Accelerating Immunization and Health Equity: The Time is Now

30 September, by Ha Anh Pham

 

In 2020, 23 million children missed out on essential vaccinations due to the epidemic, an increase of 3.7 million compared to 2019, according to WHO and UNICEF official data. This stark data indicates that a majority of countries, especially developing countries, experienced substantial reduction in vaccination rates.

 

Immunization data from the World Health Organization and UNICEF indicate that countries’ decades of progress against life-threatening diseases is in serious jeopardy. While vaccination helps ensure children’s safety against deadly diseases, it can also be a marker of health disparities, as differences in access to or availability of services between populations still exist. It is now more urgent than ever to put a strong focus on closing immunization and health disparities.

Immunization Inequity: A Global Snapshot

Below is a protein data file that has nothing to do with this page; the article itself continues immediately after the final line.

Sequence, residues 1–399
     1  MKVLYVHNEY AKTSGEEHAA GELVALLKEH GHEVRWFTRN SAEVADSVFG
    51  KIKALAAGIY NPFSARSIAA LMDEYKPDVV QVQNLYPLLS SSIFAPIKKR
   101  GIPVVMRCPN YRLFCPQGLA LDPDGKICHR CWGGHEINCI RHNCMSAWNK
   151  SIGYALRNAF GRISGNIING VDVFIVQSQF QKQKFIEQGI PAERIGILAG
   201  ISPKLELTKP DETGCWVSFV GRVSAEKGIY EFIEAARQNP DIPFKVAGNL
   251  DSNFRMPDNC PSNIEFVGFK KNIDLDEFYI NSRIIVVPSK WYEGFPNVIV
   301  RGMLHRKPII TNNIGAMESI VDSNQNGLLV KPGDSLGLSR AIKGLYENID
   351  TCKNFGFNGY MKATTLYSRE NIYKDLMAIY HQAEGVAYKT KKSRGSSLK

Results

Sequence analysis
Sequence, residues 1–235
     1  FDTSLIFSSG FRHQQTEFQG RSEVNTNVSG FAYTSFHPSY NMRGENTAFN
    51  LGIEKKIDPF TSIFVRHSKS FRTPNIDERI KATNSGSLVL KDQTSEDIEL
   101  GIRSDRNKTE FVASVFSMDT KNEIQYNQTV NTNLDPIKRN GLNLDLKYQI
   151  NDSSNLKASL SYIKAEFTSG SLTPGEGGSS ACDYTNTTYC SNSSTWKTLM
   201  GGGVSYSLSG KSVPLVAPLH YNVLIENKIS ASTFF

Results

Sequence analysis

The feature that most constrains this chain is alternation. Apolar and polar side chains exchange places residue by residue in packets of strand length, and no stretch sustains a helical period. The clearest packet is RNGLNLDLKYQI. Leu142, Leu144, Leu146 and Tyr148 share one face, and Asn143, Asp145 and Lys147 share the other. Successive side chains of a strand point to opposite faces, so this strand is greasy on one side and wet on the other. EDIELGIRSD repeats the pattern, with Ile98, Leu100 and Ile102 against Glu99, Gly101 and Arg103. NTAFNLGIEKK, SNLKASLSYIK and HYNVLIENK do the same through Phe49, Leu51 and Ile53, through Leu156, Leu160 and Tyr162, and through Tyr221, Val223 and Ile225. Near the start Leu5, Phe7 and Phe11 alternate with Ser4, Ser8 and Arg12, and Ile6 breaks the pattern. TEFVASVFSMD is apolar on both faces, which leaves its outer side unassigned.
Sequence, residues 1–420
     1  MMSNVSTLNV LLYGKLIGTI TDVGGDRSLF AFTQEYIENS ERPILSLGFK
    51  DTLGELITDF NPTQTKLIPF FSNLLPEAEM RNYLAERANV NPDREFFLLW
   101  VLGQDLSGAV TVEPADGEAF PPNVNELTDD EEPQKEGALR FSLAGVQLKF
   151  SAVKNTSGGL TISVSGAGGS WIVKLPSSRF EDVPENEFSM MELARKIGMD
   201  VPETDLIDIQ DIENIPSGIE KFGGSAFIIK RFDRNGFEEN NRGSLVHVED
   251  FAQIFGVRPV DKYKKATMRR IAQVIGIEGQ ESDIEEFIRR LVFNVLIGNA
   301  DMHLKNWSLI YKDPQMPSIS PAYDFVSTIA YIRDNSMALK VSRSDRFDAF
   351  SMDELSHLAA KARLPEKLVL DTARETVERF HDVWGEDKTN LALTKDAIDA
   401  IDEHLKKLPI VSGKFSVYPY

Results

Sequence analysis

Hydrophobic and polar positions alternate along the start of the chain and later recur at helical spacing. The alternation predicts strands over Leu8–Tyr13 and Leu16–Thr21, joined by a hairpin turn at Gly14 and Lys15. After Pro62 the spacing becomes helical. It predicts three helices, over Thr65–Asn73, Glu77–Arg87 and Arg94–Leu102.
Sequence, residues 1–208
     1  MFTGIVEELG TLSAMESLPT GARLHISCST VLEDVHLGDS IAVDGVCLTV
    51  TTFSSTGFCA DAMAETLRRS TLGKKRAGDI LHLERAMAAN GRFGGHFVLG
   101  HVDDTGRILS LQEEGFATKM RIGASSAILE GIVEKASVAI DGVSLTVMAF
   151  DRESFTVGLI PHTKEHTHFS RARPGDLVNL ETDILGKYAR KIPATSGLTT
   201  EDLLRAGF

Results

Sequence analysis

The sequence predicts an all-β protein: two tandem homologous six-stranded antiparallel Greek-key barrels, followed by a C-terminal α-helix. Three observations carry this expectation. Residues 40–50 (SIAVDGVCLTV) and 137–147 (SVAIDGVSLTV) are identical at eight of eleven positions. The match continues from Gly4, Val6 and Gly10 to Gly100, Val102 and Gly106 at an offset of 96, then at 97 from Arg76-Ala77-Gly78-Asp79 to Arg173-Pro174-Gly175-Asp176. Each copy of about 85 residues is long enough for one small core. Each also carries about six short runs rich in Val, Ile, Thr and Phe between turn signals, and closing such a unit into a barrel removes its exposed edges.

Vaccination is a highly cost-effective health intervention to save children from life-threatening diseases, but it is a sad reality that not all children benefit from it. The inequity in immunization particularly in low- and middle-income countries persist. This equity is portrayed by the 21-percentage gap between Europe immunization coverage (94%) and African region coverage (73%).  According to WHO, although 9 out of 10 children are reached by 2019, each year, 20 million infants are not fully vaccinated with DTP3 – basic vaccines for the children life course. Of these, over 13 million receive no vaccines through immunization programmes – referred to as the “zero dose” children. Up to two-third of under-vaccinated children are concentrated in only 10 countries: Nigeria, India, DRC, Pakistan, Ethiopia, Brazil, Philippines, Indonesia, Angola and Mexico [1]. This demonstrates a vast disparity in immunization access among countries.